As Coyne himself agrees, top incomes (incomes of the top 20%) rose much faster than those of middle and lower income groups for two of the last three decades. Things got worse over the 1980s and 1990s, and then there was a change, of sorts.
My best guess it that the Fraser Institute expects no one to read the report behind their newest sensationalist press release, in which they claim that the cost of immigrants to Canada is staggeringly high.
Anyone who looked at the report more closely would find false claims, deliberately misleading arguments, a naive understanding of global migration trends, and evident ignorance of what informs Canada’s immigration priorities. The report is so poor and illogical that it cannot be taken seriously as contributing to public debates about policy reform in the domain of immigration.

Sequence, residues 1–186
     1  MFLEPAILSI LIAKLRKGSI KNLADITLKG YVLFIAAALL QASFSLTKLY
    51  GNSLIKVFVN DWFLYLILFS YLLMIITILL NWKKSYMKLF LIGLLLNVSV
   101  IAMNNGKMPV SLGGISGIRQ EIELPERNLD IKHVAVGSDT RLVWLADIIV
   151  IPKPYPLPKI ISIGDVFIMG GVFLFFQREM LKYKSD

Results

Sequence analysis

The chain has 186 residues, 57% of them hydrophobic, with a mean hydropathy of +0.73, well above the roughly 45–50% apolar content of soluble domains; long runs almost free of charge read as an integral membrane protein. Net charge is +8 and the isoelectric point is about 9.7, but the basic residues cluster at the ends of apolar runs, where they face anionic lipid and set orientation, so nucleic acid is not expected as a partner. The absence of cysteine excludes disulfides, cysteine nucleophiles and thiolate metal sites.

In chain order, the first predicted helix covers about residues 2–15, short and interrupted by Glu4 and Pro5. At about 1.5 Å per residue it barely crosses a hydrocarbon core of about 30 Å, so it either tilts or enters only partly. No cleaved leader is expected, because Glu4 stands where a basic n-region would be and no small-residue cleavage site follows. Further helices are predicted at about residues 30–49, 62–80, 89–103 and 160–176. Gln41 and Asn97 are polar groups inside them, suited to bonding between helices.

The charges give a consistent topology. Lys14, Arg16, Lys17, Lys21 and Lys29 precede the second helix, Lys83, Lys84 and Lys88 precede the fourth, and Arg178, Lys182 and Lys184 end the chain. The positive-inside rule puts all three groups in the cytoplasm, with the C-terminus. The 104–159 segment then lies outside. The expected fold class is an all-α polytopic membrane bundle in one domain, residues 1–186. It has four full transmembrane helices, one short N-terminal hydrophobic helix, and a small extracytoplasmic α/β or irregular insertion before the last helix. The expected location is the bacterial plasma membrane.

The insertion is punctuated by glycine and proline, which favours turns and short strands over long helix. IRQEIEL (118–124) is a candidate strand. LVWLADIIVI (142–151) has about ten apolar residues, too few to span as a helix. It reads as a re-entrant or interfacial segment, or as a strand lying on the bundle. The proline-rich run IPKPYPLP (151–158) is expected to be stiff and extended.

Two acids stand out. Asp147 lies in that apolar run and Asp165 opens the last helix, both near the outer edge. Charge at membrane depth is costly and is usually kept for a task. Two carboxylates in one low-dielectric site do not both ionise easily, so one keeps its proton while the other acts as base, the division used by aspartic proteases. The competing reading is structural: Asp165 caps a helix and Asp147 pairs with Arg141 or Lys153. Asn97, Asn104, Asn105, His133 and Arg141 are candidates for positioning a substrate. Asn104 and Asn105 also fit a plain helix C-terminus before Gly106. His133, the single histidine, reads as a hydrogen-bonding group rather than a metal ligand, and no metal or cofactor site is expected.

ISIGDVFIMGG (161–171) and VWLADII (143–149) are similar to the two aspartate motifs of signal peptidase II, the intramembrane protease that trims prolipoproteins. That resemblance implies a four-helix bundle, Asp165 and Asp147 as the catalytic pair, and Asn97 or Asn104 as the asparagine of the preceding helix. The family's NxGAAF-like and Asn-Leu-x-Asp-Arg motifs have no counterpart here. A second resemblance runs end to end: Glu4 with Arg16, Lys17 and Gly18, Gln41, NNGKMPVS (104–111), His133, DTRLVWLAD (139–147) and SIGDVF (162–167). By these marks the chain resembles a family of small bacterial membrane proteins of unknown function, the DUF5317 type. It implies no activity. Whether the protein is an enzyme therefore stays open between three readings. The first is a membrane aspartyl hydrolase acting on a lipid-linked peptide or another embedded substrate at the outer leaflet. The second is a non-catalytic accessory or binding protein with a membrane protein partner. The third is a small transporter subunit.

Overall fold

On Monday, Canadians from coast to coast will enjoy Labour Day, a last dash of sun (we hope) before the days quickly shorten and the leaves begin to transform.
Labour Day, of course, is much more than a statutory holiday; welcome time off at the turn of the season. It’s a day set aside to acknowledge the triumphs of worker’s rights and commemorate what has been achieved through the collective efforts of many generations of Canadians.